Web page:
Trust Lyra Keyboard & Mouse Review

And now for something a little different, and a little behind the scenes. Here at the Tavern we’re fortunate to be able to check out games and hardware galore, but for this review, we’re more looking at, well, what we’d use to write these very words. That’s not to say we can’t plug it into an Xbox – we can – but for those of you out there looking to pen your own words, you’ll need something decent to rely on. The Trust Lyra mouse and keyboard is one such choice.

The Lyra is a compact set, with a reduced sized keyboard and lightweight mouse included. Starting with the keyboard, and we’re used to mashing away on chunky mechanical keys, whereas this uses more laptop-style buttons. They are nicely responsive, only taking a small adjustment to our usual clattering affair to get words on a screen. You’ll need a flat surface (obviously) though we only mention it as our usual working table has a slight dip in it which caused the keyboard to flex slightly under the typing action (though again, we’re used to being a bit heavier handed).

Due to the reduced size we lose the number keypad on the side, as well as the ease of use buttons like Page Up/Down etc. There are keyboard shortcuts for everything naturally, though we must admit to being a bit stuck at the day job which makes heavy use of these buttons, meaning we found it easier to resort to our chunky keyboard instead.

For Xbox Tavern purposes though, the Lyra keyboard has been nothing but brilliant. Fat finger errors aside, we’ve written the last few reviews on it, as well as many private messages and emails with little issue. In fact, our old mechanical keyboard has been gathering dust completely these past few weeks such is our fondness of using the Lyra.

It also helps that the Lyra is a fully wireless keyboard. Not only that but we can actually have up to three devices assigned to its memory, easily swapped between by pressing the buttons at the top of the keyboard. One requires us to plug in the included (and very tiny) USB dongle, but the other two are simple Bluetooth connections. Getting back to the gaming for a moment, we actually left the dongle plugged into our Series S, ready for a quick round of Fortnite when the writing gets too much. In term of gaming ability the Lyra isn’t going to win many awards for control feel – dedicated gaming keyboard are a thing for a reason – but in a pinch games like the aforementioned Fortnite were perfectly playable.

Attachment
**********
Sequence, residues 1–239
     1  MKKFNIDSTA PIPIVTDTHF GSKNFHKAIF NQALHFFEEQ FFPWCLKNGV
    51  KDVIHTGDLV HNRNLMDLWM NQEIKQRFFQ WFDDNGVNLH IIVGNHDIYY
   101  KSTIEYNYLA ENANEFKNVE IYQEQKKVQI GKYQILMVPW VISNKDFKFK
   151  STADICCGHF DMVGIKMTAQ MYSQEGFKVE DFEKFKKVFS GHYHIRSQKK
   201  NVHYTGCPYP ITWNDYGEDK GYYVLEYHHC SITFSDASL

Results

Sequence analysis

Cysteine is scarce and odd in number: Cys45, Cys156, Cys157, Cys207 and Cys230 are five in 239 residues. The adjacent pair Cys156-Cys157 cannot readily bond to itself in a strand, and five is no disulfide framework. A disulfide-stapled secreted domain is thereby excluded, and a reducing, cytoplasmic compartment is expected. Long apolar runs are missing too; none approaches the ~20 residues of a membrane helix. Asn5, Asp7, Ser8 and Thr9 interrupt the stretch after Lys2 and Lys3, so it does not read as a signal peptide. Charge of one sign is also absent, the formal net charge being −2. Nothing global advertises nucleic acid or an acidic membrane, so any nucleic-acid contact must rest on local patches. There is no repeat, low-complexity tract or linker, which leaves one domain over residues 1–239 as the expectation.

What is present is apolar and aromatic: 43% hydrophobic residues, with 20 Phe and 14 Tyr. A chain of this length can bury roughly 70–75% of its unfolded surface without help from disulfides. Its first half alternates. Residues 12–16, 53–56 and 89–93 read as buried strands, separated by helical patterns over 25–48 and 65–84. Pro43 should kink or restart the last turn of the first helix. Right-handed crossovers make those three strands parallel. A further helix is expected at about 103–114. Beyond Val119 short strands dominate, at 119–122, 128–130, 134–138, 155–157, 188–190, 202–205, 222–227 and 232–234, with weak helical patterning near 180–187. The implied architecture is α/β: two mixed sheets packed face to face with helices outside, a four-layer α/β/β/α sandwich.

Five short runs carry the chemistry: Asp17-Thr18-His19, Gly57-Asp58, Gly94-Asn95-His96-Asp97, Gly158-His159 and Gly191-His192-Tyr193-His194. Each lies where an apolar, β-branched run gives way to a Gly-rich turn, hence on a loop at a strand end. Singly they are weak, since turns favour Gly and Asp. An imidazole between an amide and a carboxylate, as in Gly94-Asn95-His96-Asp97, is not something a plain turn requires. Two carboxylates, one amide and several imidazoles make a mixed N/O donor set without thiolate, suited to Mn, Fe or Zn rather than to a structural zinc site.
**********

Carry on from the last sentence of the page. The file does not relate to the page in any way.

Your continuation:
We don’t even need to worry about the built in battery crapping out on us mid-sentence either, lasting a reported six months on a single charge. Obviously we can’t test this yet having only had it for a few weeks, but considering it only takes a reported two hours to charge this means when the times comes we’ll have very little in the way of inconvenience.

Much of the above can be echoed for the mouse too; Bluetooth on up to three devices, six month battery life, reduced size, and nice feel under the hand. It also comes with the slight caveat that the feature set outside of the above is reduced. There’s no side buttons for forward/back browsing, and not really much in the way of customising. DPI goes through 800/1200/1600, though the large jumps can make it hard to nail down a preference. We’ve left it set to 1600 which is slightly faster than we like, but the 1200 is far too slow for us. Still, that’s more personal preference really, and it wasn’t too big a deal for us to get used to the faster speed for the most part. It’s also designed in a way that allows for ambidextrous use, so lefties and righties will be just fine here.


 Overall, we’re pretty taken with the Trust Lyra keyboard and mouse set. It’s lightweight and compact enough to carry about with us, and has freed up the sole USB slot on our aging Surface, letting us type up all of the internet’s Best Gaming Reviews™ for you lovely lot. Whether you need something for work, or fancy trying your hand at this writing lark, this Lyra set is a solid starting point.

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Hardware provided by the manufacturer for review purposes.
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  • Small, compact design
  • Bluetooth support with up to three devices remembered
  • Responsive keys
  • Mouse is sleek and easy to use
  • Diminished size loses some handy features
  • Heavy hands will need to relearn a gentler touch
Written by
I've been gaming since Spy vs Spy on the Master System, growing up as a Sega kid before realising the joy of multi-platform gaming. These days I can mostly be found on smaller indie titles, the occasional big RPG and doing poorly at Rainbow Six: Siege. Gamertag: Enaksan

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